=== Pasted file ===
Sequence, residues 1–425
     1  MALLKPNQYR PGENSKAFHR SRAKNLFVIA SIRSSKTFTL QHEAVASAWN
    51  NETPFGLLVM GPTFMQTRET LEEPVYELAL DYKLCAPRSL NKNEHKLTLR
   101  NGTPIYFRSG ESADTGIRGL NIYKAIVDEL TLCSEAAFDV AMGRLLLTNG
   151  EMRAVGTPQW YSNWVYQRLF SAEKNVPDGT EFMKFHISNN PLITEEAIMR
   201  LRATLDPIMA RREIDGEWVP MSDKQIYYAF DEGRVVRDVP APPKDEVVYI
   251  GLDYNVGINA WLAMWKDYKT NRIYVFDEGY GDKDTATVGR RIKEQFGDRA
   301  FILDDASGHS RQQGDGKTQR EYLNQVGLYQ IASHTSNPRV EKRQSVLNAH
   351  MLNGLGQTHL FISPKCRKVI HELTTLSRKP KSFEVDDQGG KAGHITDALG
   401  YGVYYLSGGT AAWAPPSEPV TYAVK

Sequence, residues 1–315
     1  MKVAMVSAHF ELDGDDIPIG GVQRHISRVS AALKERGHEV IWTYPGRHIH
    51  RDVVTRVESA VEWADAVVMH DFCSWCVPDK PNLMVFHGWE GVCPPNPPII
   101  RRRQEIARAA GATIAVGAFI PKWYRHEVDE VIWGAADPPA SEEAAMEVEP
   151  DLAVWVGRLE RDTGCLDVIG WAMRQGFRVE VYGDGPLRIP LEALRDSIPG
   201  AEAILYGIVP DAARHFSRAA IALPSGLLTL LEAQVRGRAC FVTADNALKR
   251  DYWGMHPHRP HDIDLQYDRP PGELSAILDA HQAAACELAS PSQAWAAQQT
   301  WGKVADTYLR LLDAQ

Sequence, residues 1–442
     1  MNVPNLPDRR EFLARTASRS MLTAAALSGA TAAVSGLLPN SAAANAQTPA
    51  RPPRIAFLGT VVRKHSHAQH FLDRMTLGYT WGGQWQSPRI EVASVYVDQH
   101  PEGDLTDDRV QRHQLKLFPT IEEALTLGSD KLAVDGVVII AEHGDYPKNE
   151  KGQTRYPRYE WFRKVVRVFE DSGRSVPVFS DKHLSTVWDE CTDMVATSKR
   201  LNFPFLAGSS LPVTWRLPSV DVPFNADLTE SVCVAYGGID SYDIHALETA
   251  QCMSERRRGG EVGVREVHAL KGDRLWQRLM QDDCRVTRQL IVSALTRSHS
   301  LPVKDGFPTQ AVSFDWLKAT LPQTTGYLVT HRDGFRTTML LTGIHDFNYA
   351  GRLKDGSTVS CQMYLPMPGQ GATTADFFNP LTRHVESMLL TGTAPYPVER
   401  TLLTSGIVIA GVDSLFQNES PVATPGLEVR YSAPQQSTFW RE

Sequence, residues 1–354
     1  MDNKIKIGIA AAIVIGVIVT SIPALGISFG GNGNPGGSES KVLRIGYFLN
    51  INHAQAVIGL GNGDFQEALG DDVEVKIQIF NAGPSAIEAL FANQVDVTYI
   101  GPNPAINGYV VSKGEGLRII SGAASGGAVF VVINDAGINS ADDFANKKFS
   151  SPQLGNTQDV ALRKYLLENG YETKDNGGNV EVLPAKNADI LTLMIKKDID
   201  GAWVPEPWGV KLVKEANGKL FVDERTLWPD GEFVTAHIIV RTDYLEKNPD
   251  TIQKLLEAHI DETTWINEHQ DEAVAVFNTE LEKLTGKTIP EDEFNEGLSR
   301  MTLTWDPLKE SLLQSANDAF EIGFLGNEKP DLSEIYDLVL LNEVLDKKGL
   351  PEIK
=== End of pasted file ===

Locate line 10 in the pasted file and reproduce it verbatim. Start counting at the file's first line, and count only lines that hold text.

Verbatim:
   401  YGVYYLSGGT AAWAPPSEPV TYAVK